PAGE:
Today both the eastern and western extremities of the Forum of Nerva are still visible, while the central part of the piazza lies unexplored beneath the Via dei Fori Imperiali. The eastern sector of the Forum was excavated between 1932 and 1942. Immediately next to Via Alessandrina one can observe the remains of the Temple of Minerva. Part of the imposing foundations in concrete and flint are visible along with rows of tufa blocks and travertine which made up the podium above. To the right of the podium is a portion of road scored with deep ruts. This is the external part of the covering of Cloaca Maxima made of tufa blocks upon which the ancient pavement of Forum rested. During the Middle Ages, these slabs of stone were taken away and the wheels of the carriages that passed by etched the blocks of tufa, thus creating the ruts we see today.
The Outside Wall of the Forum and the “Colonnacce”
The ancient road passed between the Temple (which was demolished at the beginning of the 17th century) and the only remaining segment of the ancient external wall of the Forum which has built of blocks of tufa. Leaning against the wall, and still intact after more than nineteen centuries, are two of the more than 50 columns that decorated the sides of the piazza. They are called the “Colonnacce” (something like “bad columns”), because of their state of ruin. The entablature above the Colonnacce bears a carved frieze that initially ran for hundreds of metres along the perimeter of the Forum. Today only 25 metres remain and one can observe 61 figures divided into eight scenes which depict episodes from mythology that centre around the Goddess Minerva.
The Story of Arachne and the Personification of a Subjugated People
In particular, one can recognize the story of Arachne, recounted by Ovid in his Metamorphoses. This young maiden had dared to challenge and beat Minerva at the art of weaving and for this was punished by the goddess by being transformed into a spider (aracne in Ancient Greek). Above the frieze is a relief that shows a female figure with a helmet and shield. This has always been interpreted as an image of Minerva, however recently it has instead been identified as the personification of the Pirusti, an ancient population from the Balkan peninsula that was subdued by the Romans. The discovery of fragments of at least two other similar figures (one is displayed at the Museum of the Imperial Fora) has led to the hypothesis that the ancient Forum was decorated with personifications of the peoples that made up the Roman Empire.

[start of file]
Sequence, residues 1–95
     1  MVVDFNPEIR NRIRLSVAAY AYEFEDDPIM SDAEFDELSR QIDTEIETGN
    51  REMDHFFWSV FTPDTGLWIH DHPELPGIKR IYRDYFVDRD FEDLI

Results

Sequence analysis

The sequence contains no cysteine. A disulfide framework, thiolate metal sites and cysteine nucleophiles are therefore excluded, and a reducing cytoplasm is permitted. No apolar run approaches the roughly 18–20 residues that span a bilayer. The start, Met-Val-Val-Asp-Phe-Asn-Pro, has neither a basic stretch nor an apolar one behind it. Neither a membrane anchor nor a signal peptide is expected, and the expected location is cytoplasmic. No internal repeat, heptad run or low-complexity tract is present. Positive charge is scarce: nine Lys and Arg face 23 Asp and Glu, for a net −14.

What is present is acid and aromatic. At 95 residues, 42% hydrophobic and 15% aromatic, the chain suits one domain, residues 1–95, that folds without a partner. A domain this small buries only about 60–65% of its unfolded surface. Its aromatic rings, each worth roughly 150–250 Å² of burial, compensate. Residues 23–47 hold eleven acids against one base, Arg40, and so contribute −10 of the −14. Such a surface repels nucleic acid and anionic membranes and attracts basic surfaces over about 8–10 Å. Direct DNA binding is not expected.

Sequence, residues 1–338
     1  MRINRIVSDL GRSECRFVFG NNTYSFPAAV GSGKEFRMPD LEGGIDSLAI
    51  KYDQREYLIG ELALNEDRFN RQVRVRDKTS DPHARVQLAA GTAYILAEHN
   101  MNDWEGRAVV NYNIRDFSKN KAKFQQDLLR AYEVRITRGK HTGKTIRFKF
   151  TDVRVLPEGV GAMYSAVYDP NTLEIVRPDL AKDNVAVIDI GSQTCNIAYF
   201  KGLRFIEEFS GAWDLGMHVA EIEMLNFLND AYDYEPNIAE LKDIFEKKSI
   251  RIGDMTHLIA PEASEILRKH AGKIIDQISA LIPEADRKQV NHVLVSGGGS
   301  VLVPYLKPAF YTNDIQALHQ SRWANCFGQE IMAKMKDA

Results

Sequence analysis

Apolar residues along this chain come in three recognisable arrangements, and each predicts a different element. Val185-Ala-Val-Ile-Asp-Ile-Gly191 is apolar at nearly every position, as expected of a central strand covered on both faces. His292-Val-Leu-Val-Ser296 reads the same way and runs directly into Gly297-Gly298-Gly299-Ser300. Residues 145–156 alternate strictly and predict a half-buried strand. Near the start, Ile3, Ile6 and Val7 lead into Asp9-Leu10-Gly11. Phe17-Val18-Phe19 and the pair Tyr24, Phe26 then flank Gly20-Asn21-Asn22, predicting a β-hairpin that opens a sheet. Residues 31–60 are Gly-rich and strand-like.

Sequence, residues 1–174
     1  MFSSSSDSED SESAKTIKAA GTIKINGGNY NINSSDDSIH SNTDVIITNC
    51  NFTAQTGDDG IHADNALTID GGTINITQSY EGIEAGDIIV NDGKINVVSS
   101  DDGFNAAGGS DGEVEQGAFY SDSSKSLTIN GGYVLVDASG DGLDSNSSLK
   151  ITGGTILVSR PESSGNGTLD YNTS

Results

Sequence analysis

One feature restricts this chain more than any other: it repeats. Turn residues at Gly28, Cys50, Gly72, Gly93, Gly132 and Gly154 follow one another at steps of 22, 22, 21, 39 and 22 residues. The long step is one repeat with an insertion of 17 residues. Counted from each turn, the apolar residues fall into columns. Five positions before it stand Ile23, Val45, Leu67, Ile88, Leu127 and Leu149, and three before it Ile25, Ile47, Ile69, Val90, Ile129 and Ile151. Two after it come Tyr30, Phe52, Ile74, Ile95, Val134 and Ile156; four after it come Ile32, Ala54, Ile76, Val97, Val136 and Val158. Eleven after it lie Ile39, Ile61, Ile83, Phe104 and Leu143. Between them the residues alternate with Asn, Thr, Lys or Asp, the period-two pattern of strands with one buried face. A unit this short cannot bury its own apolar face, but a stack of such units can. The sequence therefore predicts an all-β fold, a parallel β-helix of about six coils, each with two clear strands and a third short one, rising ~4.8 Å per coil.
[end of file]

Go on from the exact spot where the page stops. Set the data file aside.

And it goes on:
The Western Part of the Forum
The western section of the Forum of Nerva was excavated and brought to light in the last decades of the 20th century. No standing structures from the Forum were found, only remains of the slabs of marble from the pavement, most of which were remade at the beginning of the 5th century. Important discoveries were made underneath the piazza, and represent the remains of numerous pre-existing structures. The most noteworthy was identified as the foundation of a temple of similar size to the Temple of Minerva that however was never completed, or if had been, either collapsed or was demolished shortly after being built. It appears that as a response to these difficulties, it was decided to build a new temple on the other side, where the Temple of Minerva was actually built.
Of particular interest was the discovery in this same area of the Forum of two noble residences dating from the 9th century AD, both examples of upper-class constructions from the High Middle Ages.